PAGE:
Cloud platforms are becoming a standard feature within most organisations in varying degrees. However, as digital transformation grows, many are discovering that to fulfil all their requirements they need to look at different multi-cloud solutions.
As a result, organisations are increasingly adopting a multi-cloud strategy to achieve their business requirements. This is reinforced by the recent Voice of the Enterprise (VotE) Digital Pulse survey, produced by analyst company 451 Research, which states that 60 percent of enterprises will run the majority of their IT outside the confines of enterprise data centres by the end of 2019.
Source: 451 Research
What is a multi-cloud strategy?
With a multi-cloud approach, organisations use a mix of infrastructure as a service (IaaS), such as public cloud like Microsoft Azure combined with on-premise and private cloud platforms, to share workloads, assets, software, applications and anything else between them.
Why adopt a multi-cloud platform?
Organisations used to have to choose to use public, private or hybrid cloud – which typically posed a challenge as each platform comes with its own advantages and disadvantages.
Not anymore. Cloud technology has changed. Businesses are no longer obliged to move between cloud platforms but, for example, can bring Microsoft Azure, Google Cloud or Citrix together in one system to efficiently operate their business. Today, more and more organisations are choosing to work with multiple cloud providers to realise their cloud strategies.
The benefits of multi-cloud computing for your organisation
Adopting a multi-cloud approach delivers a number of notable advantages:
1) More choice
Cloud-hosting providers come in many different shapes and sizes, and its unlikely one single provider is a perfect fit. Working with multi-cloud platforms offers the ability to use the best of every platform, creating a bespoke infrastructure specific to an individual business depending on their organisational goals.
2) Greater reliability
A multi-cloud strategy can also improve reliability, as your data is no longer stored in one single place. If one host fails, the business can still operate by simply using another platform it has stored in the multi-cloud system.
3) Avoid vendor lock-in
Using a multi-cloud infrastructure gives organisations greater leverage over vendors, as it allows them to shift between platforms and avoid workloads being ‘locked-in’ to a single cloud provider. The ability to transfer between cloud service providers, based on business needs such as performance, security and productivity, allows organisations to have more autonomy to use the best cloud platform fit for each business function.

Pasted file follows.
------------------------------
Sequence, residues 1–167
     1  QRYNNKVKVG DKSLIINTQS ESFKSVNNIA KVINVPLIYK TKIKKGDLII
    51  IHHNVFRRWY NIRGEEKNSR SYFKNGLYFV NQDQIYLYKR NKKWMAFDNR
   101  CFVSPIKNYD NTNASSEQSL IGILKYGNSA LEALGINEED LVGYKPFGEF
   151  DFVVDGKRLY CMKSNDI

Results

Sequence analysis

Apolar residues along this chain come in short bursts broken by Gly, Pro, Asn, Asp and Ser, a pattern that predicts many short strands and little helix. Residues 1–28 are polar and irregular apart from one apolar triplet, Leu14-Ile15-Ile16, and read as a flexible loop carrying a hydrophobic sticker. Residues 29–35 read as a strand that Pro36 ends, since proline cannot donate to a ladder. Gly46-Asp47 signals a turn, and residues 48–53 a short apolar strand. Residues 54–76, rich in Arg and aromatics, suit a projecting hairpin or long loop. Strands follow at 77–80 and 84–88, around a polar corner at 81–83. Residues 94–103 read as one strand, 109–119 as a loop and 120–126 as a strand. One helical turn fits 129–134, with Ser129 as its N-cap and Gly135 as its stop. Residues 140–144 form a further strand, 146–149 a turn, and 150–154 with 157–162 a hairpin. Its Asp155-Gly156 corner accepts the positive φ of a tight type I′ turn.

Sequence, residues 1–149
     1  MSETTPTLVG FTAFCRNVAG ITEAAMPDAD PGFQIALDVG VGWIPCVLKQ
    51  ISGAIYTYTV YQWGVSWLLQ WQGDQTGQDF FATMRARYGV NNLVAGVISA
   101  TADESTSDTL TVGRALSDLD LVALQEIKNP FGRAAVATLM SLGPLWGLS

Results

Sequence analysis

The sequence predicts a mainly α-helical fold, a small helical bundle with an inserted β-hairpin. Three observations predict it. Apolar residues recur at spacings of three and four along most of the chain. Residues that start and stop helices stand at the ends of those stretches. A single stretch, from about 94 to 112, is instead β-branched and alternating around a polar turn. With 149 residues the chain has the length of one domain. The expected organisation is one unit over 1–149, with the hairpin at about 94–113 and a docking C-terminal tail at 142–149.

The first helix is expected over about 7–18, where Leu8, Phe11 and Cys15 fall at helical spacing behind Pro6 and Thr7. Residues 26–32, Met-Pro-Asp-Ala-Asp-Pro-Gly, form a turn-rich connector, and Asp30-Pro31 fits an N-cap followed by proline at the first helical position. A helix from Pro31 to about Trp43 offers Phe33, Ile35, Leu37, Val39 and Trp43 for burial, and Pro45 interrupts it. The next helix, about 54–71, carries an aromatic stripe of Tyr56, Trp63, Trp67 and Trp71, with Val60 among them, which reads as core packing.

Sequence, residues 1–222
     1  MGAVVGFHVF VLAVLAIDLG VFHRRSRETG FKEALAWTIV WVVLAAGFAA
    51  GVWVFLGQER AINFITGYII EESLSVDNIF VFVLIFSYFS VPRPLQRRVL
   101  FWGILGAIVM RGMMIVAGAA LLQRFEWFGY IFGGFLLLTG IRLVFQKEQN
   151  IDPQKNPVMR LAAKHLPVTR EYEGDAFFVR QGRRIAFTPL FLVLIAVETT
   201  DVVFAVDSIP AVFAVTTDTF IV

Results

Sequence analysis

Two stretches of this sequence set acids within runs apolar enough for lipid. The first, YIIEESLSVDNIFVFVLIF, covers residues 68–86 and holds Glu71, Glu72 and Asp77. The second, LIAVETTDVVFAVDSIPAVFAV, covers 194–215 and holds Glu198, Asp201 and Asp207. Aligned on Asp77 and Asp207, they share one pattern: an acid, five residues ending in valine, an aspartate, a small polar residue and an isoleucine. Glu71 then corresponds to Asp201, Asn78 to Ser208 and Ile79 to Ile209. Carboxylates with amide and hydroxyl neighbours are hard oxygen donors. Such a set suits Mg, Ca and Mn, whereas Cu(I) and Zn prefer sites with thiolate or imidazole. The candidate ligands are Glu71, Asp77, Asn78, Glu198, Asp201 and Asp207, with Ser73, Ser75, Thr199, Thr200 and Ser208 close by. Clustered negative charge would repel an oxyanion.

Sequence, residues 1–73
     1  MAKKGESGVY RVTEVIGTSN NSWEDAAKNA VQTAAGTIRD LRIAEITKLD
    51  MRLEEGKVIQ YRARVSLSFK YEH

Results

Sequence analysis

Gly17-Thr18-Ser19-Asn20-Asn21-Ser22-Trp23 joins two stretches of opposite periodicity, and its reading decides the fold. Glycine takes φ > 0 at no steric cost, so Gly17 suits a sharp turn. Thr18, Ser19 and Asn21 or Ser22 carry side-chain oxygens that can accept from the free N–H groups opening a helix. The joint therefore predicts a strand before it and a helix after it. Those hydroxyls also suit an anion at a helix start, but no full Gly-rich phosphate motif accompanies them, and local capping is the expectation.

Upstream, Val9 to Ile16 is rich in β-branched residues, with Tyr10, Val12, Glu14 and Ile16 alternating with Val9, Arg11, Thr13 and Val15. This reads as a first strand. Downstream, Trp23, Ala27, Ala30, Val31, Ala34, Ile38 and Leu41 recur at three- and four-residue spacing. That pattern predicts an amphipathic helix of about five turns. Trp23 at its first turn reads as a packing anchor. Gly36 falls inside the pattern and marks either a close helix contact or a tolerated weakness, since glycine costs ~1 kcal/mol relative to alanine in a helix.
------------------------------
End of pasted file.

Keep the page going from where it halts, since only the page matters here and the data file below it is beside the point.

Having greater control is also cost-effective. A multi-cloud service gives organisations the ability to use the best platform, fit for each specific workload, at the best price. Multi-cloud solutions also reduce on-premise IT costs, as the cloud providers carry all hardware, software, and maintenance costs.
5) Improved security and resilience
If an organisation’s resources that power its website are on one single cloud, a Distributed Denial of Service (DDoS) attack can both take the site down, and ultimately keep it down. According to a study by the Rand Group, 98% of businesses say that an hour of downtime costs their company more than $100,000 (c.£75,700).
Source: Rand Group
A multi-cloud model uses a combination of public cloud platforms and/or private cloud. With this approach, organisations can choose secure sensitive data in a private cloud and operate other business areas in a public cloud environment. So, if a cloud provider suffers an outage, you can instantly shift the impacted services to another cloud environment, making your business much more resilient.
However, according to a report by Business Cloud News in 2016, 57% of all organisations do not have a multi-cloud computing strategy whatsoever. Yet IDC predicted in its IDC FutureScape: Worldwide Cloud 2017 Predictions that more than 85% of enterprise IT organisations will commit to multi-cloud architectures by 2018.
Multi-cloud strategy can deliver significant business benefits such as cost savings, avoiding vendor lock-in, a reduced risk of attacks, as well as improved reliability. Yet realising these benefits can only be achieved with thorough planning and evaluation to map out a solid multi-cloud strategy, prior to adoption.